• Saturday, May 18, 2024


How Rohit Sharma hopes to win World Cup crown for India

By: Eastern Eye

ROHIT SHARMA understands the pressure that a home World Cup brings, but the Indian captain said he wanted to “insulate” himself from outside chatter as he embarks on a tough journey to win the country’s first ICC trophy in a decade.

Shouldering more than a billion hopes, Sharma, 36, is aware of what’s at stake in the ODI World Cup, which starts on October 5 with England taking on New Zealand in Ahmedabad.

Speaking just before joining the Asia Cup camp in Bengaluru, Sharma said: “For me, it is important how I keep myself relaxed and not worry about external factors. I want to shut out everything. I want to get into the phase I was in before the 2019 World Cup.

“I was in great frame of mind and prepared really well for the tournament,” he said, referring to the previous edition, when he scored 648 runs with an unprecedented five centuries to emerge as the highest run-getter.

“I was in good shape, good mindset. I want to bring that back and I have time to do that… trying to recollect what were the right things I was doing before the 2019 World Cup as a cricketer and as a person. I want to revisit that thought process of mine personally.”

World Cups and the vagaries associated with the results can change a lot of things, but for Sharma, one month of cricket will not make or break the player that he is.

“A person can’t change overnight with his success or failures,” he said. “I don’t think one result or one championship can change me as a person. I have not changed in the past 16 years and I don’t think anything needs to change on that front. The focus will be on how I can achieve my goals in the next two months, for me and my team.”

Sharma has won five IPL [Indian Premier League] titles as captain of the Mumbai Indians franchise; the Asia Cup as India captain (2018); and led the team to the World Test Championship final in June this year.

Does he think about his legacy in Indian cricket after being around for 16 years?

“No,” he said. “I am not the person who thinks about what kind of legacy I will leave behind. My legacy will be for people to judge and talk about. It’s not for me to say.”

Sharma has 30 ODI hundreds, second only to Virat Kohli’s 46. Add 10 Test centuries and four T20I tons – a total of 17,000-plus international runs are not bad numbers.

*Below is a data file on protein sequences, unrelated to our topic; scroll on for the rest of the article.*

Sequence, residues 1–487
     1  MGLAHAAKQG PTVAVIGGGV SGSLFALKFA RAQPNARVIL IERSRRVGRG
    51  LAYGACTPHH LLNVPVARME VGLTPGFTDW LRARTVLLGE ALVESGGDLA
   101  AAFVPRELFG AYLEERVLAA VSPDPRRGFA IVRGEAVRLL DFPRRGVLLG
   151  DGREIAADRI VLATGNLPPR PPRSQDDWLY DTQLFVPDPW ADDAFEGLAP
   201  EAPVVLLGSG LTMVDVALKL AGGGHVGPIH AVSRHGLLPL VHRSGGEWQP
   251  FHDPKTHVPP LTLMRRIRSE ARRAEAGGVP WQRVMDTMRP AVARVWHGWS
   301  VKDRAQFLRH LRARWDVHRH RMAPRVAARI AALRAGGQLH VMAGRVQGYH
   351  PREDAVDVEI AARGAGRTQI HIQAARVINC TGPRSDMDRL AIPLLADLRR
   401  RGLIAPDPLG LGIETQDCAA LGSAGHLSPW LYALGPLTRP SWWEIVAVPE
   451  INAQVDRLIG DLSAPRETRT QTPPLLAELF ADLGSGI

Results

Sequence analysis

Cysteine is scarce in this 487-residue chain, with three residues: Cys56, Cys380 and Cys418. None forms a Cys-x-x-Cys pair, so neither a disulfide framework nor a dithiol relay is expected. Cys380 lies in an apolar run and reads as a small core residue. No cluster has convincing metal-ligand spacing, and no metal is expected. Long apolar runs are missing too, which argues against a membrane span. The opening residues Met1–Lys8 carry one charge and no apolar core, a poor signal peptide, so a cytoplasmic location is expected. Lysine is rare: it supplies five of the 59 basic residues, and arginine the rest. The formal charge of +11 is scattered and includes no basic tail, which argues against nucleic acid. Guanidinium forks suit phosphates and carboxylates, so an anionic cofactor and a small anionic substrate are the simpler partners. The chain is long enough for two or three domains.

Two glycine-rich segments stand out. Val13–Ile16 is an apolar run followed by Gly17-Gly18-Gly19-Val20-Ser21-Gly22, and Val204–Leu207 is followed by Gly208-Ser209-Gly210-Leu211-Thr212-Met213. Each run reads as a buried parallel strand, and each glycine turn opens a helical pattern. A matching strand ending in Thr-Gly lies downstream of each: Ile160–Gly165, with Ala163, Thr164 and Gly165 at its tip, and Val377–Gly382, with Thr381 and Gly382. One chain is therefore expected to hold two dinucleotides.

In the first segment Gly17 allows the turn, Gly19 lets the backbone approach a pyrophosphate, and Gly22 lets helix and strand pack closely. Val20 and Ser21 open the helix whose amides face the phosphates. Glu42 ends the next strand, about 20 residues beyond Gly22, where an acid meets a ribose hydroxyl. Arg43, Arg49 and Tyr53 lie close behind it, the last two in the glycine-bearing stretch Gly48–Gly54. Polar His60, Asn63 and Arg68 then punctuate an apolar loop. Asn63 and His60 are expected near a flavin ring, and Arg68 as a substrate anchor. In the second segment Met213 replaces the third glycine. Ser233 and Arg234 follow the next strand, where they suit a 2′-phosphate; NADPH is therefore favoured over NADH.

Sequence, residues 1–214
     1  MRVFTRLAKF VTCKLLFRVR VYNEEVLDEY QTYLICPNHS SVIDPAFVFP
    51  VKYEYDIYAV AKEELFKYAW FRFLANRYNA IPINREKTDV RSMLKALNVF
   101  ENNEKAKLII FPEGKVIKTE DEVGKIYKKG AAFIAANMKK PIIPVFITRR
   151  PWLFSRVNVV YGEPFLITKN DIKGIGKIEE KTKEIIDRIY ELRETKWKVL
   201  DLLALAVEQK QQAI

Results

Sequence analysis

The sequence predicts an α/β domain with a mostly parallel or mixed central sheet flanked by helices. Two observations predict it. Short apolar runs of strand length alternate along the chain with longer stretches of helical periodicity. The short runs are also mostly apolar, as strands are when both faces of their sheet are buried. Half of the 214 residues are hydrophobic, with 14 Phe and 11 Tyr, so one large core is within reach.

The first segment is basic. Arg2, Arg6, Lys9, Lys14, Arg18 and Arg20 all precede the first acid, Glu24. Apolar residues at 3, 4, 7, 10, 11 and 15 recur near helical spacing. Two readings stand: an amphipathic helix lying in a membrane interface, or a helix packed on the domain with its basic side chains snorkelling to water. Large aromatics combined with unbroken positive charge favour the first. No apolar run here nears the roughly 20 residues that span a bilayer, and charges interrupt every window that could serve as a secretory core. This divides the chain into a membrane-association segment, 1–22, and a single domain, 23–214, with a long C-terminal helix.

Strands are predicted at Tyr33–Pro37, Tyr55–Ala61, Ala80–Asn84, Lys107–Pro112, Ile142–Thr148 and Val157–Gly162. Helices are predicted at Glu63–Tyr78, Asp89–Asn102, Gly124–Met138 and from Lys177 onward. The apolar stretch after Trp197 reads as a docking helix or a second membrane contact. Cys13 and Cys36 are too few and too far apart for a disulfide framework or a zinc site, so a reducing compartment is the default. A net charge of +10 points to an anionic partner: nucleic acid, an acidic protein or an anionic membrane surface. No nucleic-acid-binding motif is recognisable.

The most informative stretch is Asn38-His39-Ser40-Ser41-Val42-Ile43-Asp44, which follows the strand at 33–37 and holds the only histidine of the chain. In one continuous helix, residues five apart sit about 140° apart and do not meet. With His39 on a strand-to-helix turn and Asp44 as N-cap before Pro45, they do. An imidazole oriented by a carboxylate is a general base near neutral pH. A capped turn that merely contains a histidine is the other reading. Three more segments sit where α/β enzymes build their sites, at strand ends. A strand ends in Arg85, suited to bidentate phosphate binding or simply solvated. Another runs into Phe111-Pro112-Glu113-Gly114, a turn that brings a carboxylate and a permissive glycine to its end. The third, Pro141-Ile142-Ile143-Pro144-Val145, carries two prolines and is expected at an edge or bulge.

“I’m not a firm believer in numbers. You should be happy, enjoy the time you have and try to live in that moment. I am thinking about what gives me happiness,” he added. “It’s all about creating memories, a good rapport with my teammates. Be happy in whatever you get and whatever you have.”

Sharma has the unenviable task of telling at least three out of 18 members of the core group they will not be a part of India’s World Cup’s 15-member squad.

There is a sense of déjà vu. When he was 23, he didn’t get a look-in in that history-making ‘Class of 2011’. It had hurt, back then and no one knows that better than him.

“While picking the best combination, there will be guys who will miss out for various reasons and [coach] Rahul bhai (Dravid) and I have tried our best to explain to the players why they are not in the squad,” said Sharma.

“We have tried to communicate with the players after every selection and playing XI that has been announced. We talk to them face to face, one on one why they have not been picked.

“Sometimes, I try and put myself in their shoes. When I wasn’t picked in 2011, it was such a heartbreaking moment for me. I felt, ‘what’s left after being dropped from a World Cup squad?’”

Then India skipper MS Dhoni and the selectors believed an additional wrist spinner in Piyush Chawla would be more useful than an extra batter back in 2011.

Sharma said, “I went back to the drawing board, worked hard and immediately after the World Cup, I made a comeback and it has been good since then. Since this is me, who has gone through this emotion, no one can tell me that’s ‘easier said than done’. I have faced exclusion in a World Cup, and I know how it exactly feels.

“It’s not like, ‘I don’t like this person, so I am dropping him’. Captaincy is not based on personal likes and dislikes. If anyone misses out, there is a reason for it.”

He also had no qualms in admitting that at times, his and Dravid’s decision can go wrong.

“Me, coaches, and selectors, take into account all factors like opposition, surfaces, our strengths, their weaknesses, and reach a common ground. There is every chance that we will make mistakes. At the end of the day, few individuals make decisions, and we won’t always be right.”


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